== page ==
How Do You Rag Paint a Wall?

by Lee Wyatt
(last updated October 23, 2017)


Faux painting is becoming more and more popular as the years go by, and one of the more popular methods is rag painting. While you can always hire someone to do the work for you, there is nothing that says you can't do the work yourself/ But how do you rag paint a wall, you might be asking. The answer is that it is really rather simple. All you need to do is gather together a few supplies, and then follow these instructions.

Items Needed:

  • At least three colors of paint
  • Lots of clean rags
  • Latex (or other disposable) gloves
  • Paint rollers
  • Paint tray
  • Drop cloth
  • Small painting brush
  • Painting tape


  1. Choose the colors. The first step in rag painting your walls is to choose the colors that you will be using. Typically, to do an effective job of you will at least two different colors, but three aer often used to create a really dramatic look. In order to make the project look as fantastic as possible, choose colors that are shades of each other. Make sure that you get enough of whatever color you have as the base to be painted on as normal.
  2. Choose your location. Chances are you have already chosen the location that you want painted prior to choosing the paint, but if not you need to choose one now. It can be either a single wall or an entire room. It all really depends on the look you are going for.
  3. Prep the area. Begin prepping the area you will be working on. This means that you need to either tape off electrical outlets, or remove the covers and tape off the plugs, tape any trim or edges that you don't want painted, and tape off window sills and around the window glass. This is all to protect anything that you don't want painted. Don't forget to lay out the drop cloth as well.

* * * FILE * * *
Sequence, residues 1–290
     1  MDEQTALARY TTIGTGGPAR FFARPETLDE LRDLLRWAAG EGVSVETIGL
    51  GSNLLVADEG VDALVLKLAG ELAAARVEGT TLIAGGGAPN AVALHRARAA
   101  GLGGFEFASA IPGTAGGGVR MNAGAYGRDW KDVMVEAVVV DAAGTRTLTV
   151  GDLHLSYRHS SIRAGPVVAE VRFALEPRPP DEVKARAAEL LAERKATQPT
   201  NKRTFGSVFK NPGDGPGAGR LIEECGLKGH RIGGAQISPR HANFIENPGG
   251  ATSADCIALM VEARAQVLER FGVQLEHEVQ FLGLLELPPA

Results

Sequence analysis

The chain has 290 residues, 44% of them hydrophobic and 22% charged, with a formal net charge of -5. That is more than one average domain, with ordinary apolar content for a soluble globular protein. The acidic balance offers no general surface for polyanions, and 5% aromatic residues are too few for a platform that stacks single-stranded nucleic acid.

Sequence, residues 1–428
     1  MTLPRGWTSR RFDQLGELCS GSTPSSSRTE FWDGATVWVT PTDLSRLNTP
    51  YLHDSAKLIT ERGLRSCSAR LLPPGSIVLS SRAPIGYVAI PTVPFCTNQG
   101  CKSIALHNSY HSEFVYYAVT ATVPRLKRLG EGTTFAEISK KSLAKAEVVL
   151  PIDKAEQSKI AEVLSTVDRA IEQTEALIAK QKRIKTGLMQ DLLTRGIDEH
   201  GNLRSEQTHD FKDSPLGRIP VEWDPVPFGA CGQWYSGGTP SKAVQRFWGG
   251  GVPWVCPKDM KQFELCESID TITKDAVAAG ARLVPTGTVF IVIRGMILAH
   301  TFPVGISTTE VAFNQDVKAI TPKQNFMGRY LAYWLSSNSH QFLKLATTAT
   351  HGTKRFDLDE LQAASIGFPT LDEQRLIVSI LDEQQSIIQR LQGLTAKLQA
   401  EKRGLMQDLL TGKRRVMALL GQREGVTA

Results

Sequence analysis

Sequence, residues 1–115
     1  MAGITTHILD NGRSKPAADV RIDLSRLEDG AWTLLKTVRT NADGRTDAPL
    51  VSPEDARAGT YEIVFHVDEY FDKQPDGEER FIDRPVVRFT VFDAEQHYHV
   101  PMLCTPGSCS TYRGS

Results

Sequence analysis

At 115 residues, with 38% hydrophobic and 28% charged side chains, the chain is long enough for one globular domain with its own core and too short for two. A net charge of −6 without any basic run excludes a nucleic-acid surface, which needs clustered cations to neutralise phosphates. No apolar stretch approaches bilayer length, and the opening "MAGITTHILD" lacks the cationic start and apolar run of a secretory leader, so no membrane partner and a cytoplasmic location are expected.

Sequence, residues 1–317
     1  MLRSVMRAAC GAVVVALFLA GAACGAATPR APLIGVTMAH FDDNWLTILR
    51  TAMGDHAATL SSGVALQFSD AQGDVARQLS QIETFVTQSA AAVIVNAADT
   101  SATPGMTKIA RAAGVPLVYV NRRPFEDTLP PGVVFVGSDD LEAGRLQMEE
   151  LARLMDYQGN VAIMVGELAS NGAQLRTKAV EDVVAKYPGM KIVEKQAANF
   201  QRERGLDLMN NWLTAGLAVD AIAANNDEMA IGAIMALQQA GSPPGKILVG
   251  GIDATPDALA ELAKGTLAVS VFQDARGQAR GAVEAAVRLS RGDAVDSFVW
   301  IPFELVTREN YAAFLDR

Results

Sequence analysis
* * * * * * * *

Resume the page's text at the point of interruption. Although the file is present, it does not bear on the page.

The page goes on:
4. Paint the base coat. Paint the wall with your initial coat of paint. Use a color that you don't mind being a strong one, since even with the rag rolling, you will see a lot of this color throughout the wall or room. Start at one side of the wall, on one side of the room, and paint as you normally would with a paint roller. To get close to the edges of doorways, corners, and around windows use one of the smaller brushes to cut in. Allow your paint to completely dry before you proceed to the second coat.
  5. Paint the second coat. Put on some disposable rubber or latex gloves to help protect your hands from the paint that they will be handling. Grab a clean dry rag, and then dip it into the color of paint you want to go on as a second coat. Wring out the rag so that it is still moist, but not dripping wet, and then bunch it up loosely in your hand. Beginning in one corner of the room or wall, dab the paint along the wall. This will create some rather interesting patterns. Continue along the wall (and around the room if you are doing that) until you have covered everything.
  6. Repeat as needed. Let the paint completely dry before you continue on. Repeat the process as many times as necessary until you have used all the colors that you wish. Typically, the most dominant color should be saved until last to help bring everything together.

Author Bio

Lee Wyatt

Contributor of numerous Tips.Net articles, Lee Wyatt is quickly becoming a regular "Jack of all trades." He is currently an independent contractor specializing in writing and editing. Contact him today for all of your writing and editing needs! Click here to contact. ...


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What is seven less than 7?

2012-06-18 16:09:53


I have seen a variation of this where a single color of thick paint (it is a special paint) is applied to the wall, over the dry base coat. Then it is covered with a sort of wrinkly saran wrap like plastic. This puts all kinds of random patterns onto the paint. The plastic is allowed on for something like 1/2 hour, then peeled off, as the paint has started to set but is not yet dry. Then the paint is allowed to dry and you can get some very nice "sculpted" patterns.


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